April Fools’ Day traditionally doesn’t mean much in Japan. But it seems as though a number of companies have jumped on the bandwagon this year, publishing some interesting online pranks. We’re not fans of screwing with our readers, so you won’t get any fake articles from us. But we do still have a sense of humor, so here’s a quick summary of some of the more notable ones from around the Japanese interwebs today. But be warned, some of them are better than others!
1. Au’s zzzPhoneBed ¶
Au’s April Fools effort is simultaneously the best and the worst joke of the day in Japan. The premise is that since we use our mobile phones in bed so much, that the company just decided to produce a bed-sized smartphone. It lets you exercise by running on top of it like a treadmill as it scrolls, and you can even buy sheet covers for it if you like. It’s called the zzzPhoneBed, and no, it doesn’t actually exist.
Regrettably, the promo video for the zzzPhoneBed does exist. Remember that awful Domino’s x Hatsune Miku promo video? Yeah, well this is worse. I realize it’s for a Japanese audience, but man, it’s painful to watch. Truly cringe-worthy.
2. Domino’s Pizza in a can ¶
Speaking of Domino’s Japan, the company has a new April Fools page set up today to promote its special ‘Pizza in a can’. Priced at just 401 yen (i.e. 04/01). This is actually a smartly executed April Fools joke, because when you try to buy it, Domino’s apologizes and gives you a 20% off coupon! (h/t ascii.jp)
3. Google ‘Patapata’ text input system ¶
It’s becoming something of an April Fools tradition for Google Japan to roll out a new text input method. this year is no exception, with its ‘Patapata’ version of its Japanese input editor. Essentially, it’s scrolls characters rapidly in front of you, and you’re to push a button when you see the one you wish to type. Fun, hey? You can see Google’s official explanation in the promo video below. And for anyone who wants to try it out, there is a functioning web version online that you can try!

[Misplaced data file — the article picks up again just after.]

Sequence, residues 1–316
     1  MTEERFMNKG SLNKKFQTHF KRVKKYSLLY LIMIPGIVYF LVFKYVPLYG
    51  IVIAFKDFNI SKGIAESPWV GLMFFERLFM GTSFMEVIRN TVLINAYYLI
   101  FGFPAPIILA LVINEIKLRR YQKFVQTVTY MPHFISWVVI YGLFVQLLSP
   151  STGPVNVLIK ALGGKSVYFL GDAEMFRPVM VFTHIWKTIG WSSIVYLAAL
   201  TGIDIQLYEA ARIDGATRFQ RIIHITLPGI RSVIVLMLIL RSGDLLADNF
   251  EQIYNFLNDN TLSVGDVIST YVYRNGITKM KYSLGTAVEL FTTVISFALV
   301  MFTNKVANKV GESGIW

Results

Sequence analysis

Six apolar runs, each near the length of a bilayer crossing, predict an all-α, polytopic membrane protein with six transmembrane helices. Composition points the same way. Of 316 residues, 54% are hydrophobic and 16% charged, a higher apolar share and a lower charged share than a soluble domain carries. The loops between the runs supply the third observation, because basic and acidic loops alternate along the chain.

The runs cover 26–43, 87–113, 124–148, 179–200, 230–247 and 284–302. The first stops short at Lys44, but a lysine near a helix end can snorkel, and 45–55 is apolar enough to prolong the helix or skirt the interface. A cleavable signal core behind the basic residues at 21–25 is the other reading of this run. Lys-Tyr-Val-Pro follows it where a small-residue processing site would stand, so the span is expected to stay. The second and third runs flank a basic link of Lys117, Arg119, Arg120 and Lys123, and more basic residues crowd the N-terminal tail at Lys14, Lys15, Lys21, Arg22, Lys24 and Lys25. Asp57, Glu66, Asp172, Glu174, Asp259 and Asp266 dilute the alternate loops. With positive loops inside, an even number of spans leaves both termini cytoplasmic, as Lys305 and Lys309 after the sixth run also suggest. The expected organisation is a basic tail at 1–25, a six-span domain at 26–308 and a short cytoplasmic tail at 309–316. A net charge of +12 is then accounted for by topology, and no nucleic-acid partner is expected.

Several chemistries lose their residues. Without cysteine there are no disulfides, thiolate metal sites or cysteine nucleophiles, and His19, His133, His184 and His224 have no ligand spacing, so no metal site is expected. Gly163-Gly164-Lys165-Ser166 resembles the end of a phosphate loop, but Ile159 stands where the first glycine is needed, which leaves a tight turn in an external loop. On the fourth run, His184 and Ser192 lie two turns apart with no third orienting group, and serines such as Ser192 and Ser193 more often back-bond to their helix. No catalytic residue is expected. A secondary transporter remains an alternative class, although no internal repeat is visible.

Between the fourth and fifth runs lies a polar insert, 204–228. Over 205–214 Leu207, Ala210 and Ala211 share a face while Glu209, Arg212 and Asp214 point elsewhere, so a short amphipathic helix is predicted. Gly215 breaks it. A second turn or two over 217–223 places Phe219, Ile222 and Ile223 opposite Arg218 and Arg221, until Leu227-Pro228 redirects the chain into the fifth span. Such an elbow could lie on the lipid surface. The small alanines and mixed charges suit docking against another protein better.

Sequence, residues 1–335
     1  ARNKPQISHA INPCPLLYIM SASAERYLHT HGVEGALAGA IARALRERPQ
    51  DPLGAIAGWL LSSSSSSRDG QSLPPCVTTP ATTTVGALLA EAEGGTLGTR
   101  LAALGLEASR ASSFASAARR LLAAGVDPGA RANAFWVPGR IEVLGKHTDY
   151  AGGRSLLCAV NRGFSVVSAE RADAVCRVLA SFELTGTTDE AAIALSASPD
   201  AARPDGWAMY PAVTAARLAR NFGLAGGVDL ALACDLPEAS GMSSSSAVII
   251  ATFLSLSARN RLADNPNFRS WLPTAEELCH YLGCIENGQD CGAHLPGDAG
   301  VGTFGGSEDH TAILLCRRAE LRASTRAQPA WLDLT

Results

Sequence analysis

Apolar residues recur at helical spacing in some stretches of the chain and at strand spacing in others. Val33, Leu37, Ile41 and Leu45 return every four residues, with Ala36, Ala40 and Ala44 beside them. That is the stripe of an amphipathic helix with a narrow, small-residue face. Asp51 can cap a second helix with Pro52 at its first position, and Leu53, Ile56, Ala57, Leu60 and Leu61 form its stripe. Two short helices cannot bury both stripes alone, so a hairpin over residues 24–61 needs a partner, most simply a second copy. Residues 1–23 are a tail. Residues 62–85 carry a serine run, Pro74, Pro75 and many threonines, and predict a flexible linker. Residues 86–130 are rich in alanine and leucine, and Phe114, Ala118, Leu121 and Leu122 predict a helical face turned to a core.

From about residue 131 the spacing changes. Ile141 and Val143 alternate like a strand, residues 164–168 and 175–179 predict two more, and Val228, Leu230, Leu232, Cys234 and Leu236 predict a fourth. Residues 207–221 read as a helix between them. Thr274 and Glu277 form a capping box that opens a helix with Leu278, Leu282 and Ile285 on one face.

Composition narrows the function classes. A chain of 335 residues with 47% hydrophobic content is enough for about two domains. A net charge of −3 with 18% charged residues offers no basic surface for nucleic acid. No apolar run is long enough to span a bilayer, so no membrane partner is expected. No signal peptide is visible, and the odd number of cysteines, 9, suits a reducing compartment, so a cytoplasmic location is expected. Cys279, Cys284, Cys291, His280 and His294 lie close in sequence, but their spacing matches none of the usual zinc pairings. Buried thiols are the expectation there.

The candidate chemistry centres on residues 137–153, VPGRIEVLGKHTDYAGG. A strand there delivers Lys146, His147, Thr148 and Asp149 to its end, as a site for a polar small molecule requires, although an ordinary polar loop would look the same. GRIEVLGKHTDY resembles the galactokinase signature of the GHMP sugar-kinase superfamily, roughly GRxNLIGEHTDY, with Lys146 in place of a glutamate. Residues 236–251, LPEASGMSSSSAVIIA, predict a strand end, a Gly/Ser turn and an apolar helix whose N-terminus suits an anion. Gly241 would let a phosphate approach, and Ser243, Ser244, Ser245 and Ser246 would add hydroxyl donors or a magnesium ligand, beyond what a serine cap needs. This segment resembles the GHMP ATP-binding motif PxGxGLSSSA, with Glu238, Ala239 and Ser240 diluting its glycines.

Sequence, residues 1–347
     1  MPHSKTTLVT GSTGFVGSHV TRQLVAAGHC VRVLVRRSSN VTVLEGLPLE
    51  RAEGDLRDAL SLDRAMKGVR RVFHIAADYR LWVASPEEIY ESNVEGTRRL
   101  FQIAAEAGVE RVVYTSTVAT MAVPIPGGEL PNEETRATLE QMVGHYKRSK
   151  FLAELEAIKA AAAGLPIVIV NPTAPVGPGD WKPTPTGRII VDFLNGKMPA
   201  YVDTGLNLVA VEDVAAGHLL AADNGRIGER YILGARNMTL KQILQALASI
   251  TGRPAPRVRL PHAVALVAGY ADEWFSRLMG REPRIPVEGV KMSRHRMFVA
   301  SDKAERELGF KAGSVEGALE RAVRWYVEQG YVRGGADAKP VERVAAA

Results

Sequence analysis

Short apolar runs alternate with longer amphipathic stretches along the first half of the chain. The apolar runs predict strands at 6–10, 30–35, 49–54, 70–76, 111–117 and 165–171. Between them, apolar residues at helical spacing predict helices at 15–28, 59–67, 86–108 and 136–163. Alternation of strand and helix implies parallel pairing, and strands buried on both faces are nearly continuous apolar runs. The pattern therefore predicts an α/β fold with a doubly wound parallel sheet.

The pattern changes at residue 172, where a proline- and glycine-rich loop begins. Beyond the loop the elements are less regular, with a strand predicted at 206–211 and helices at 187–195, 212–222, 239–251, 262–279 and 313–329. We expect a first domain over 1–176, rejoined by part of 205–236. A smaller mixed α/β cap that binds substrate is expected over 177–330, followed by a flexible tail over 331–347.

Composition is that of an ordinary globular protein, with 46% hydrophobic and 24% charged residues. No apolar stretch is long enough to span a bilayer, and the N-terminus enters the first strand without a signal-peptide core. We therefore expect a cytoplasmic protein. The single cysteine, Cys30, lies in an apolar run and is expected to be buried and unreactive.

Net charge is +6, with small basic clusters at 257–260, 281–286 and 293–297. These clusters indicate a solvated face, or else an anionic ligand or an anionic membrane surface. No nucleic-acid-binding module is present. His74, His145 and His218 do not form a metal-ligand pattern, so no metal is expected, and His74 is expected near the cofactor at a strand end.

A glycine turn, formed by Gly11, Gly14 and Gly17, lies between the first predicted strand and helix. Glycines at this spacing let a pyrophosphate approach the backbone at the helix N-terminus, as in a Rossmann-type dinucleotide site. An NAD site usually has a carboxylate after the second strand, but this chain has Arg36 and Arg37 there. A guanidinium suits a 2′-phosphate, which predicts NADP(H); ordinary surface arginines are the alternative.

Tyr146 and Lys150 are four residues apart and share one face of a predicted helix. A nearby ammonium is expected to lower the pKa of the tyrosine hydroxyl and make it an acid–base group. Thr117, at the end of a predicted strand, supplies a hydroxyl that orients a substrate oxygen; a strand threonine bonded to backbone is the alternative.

4. Japanese movie site transforms into ‘Forcebook’ ¶
Here’s a fun page from Japan’s movie-focused website eiga.com. Today it has a fun landing page presenting users with a Star Wars style scrolling text intro, explaining how the internet has affected even Jedi Knights:
Not so long ago, in a galaxy far away.
Episode X. Forcebook.
As information technology swept across the galaxy, even Jedi Knights began to familiarize themselves with the internet. But it has caused social isolation and depression among the Jedi Knights, sending them one after another to the dark side of the internet.
Master Yoda takes the matter seriously when Luke Skywalker is forced to shut down his blog after a nasty smear campaign. To improve the Jedi Knights’ communication skills Master Yoda hires IT consultants from Coruscant and sets up a new social networking service called Forcebook.
Clicking anywhere on the page, however, presents you with an apologetic message saying: ‘Sorry, today is April Fools. May the force be with you!”.
5. Dwango’s i to Tunes ¶
Japanese internet company Dwango has a fun April Fools product called ‘i to Tunes’, which claims to be a music streaming service that involves the use of tin cans and yarn (I’m pretty familiar with this technology from back in kindergarden, actually). Signing up for the supposed application brings you to a page that says i to Tunes is undergoing maintenance, with a footnote explaining that today is also April Fools.
6. Ameba Pigg overrun with pigs ¶
If you’re a member of the Amebe Pigg virtual world, you’ll notice when you sign in today that avatars have been changed into actual pig faces. Chiho Komoriya has some fun screenshots over on VS Media, if you’d like to learn more about this April Fools overhaul.
7. Cross-dressing clock ¶
Readers might be familiar with a fun web service called ‘Bijin Tokei’ or ‘beautiful girl clock’, which uses pretty models holding up signs showing you what time it is. Today there’s a weird parody of Bijin Tokei from the folks over at web production company core-tech.jp. It’s called Cross-dressing clock, and similarly, it features women holding up signs to show the time. The only thing is, these women are not actually women at all.